It was rumored before and now it looks like it’s happening: Apple is going to offer China’s leading search engine, Baidu, as an option on iPhones sold in China. On Thursday, Bloomberg reported that the deal was done, and that Apple could announce it at WWDC in San Francisco next week.
That’s a boon to the growing ranks of of Chinese iPhone users, and to Apple if it wants to continue to attract new customers in the region. It’s been reported that Baidu accounts for nearly 80 percent of searches in China. And that explains why Apple has already announced that Baidu, along with Sina Weibo (China’s Twitter), will be built-in search and sharing options for the greater China market when its desktop software, OS X Mountain Lion, debuts this summer.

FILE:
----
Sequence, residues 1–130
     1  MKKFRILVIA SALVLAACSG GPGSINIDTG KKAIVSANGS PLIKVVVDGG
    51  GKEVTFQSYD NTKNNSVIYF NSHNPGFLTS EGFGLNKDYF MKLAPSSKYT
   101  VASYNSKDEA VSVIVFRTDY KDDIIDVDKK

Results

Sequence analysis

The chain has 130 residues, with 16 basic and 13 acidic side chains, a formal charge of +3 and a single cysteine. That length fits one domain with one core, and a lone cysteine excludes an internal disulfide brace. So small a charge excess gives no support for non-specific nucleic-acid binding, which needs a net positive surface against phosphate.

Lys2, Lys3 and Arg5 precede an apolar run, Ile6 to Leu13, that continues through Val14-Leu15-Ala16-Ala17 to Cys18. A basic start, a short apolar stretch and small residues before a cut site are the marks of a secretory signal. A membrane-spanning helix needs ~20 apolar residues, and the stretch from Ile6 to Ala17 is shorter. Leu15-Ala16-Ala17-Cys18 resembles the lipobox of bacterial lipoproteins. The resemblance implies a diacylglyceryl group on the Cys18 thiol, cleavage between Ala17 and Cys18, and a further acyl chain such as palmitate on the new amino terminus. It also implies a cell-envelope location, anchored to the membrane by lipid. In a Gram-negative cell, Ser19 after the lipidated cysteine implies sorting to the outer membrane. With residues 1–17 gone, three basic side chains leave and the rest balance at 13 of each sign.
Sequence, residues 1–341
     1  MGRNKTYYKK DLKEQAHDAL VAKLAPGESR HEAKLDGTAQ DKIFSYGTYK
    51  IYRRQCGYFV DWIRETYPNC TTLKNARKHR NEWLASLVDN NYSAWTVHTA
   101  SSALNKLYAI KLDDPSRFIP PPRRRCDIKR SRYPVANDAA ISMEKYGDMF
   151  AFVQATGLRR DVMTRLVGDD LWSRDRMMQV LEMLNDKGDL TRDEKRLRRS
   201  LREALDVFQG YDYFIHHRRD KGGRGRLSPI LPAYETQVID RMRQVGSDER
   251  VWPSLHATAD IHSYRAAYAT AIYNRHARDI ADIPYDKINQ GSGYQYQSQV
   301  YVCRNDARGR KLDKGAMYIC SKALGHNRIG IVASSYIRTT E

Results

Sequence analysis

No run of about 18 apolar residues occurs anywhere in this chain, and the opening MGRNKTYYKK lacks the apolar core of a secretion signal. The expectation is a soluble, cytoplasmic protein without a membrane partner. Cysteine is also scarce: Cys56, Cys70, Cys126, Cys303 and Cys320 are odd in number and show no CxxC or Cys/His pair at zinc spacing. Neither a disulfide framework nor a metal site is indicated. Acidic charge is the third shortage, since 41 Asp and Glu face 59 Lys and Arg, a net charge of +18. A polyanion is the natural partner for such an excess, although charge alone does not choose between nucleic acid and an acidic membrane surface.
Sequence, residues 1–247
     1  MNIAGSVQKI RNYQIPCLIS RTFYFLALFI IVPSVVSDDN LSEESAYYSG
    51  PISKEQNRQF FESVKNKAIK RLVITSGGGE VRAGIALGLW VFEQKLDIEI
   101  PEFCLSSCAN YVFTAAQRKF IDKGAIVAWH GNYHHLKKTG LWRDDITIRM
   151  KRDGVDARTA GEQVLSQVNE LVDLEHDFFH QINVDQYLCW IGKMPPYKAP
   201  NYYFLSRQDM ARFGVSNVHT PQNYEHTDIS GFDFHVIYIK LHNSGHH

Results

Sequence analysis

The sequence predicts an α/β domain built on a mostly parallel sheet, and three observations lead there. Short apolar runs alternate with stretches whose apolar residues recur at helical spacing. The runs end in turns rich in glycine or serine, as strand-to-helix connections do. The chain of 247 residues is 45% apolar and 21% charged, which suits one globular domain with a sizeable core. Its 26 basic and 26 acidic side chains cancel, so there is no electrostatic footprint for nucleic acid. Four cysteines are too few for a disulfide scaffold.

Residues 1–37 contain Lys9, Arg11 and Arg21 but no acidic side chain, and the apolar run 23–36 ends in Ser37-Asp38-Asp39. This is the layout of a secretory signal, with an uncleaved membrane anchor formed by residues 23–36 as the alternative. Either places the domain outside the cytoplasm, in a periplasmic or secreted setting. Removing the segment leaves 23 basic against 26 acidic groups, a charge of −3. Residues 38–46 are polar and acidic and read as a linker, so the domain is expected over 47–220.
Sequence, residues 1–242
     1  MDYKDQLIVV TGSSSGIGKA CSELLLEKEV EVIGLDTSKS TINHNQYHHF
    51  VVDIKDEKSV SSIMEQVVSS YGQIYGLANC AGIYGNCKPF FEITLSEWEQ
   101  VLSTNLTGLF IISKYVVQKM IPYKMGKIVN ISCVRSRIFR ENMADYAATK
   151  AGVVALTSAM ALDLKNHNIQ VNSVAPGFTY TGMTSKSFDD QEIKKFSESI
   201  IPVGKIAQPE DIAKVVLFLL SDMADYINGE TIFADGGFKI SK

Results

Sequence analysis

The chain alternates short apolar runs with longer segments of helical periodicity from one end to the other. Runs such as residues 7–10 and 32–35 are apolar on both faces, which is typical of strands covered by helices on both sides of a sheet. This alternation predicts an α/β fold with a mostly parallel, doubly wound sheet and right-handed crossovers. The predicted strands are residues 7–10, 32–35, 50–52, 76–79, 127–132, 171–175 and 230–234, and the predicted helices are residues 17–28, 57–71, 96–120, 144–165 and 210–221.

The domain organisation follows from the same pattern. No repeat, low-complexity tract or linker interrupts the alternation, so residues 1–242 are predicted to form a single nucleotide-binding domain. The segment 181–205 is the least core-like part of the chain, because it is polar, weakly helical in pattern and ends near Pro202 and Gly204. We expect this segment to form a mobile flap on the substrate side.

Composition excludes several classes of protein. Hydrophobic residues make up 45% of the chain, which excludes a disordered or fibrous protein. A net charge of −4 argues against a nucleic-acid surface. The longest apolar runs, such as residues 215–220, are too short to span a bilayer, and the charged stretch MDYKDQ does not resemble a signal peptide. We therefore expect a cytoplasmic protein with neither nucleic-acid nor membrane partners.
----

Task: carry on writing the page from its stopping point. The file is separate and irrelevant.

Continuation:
In both cases, rather than an outright replacement, Baidu will be another option. Google Search is the current default search engine in the mobile Safari browser on the iPhone, but handset owners can set Microsoft’s Bing to be the default as well.
But while it’s not a replacement, it is a way for Apple to shrink Google’s footprint on its most important products. And search isn’t the only area where Apple is said to be plotting to move away from Google: It’s widely expected that Apple is going to announce its own mobile mapping solution at WWDC next week, revealing what the three mapping companies it bought in the last few years have put together.
As Google continues to grow its market share of smartphones that compete with Apple’s, it makes a lot of sense for Apple to set itself up to be less and less dependent on its archrival for some of the iPhone’s most basic functions.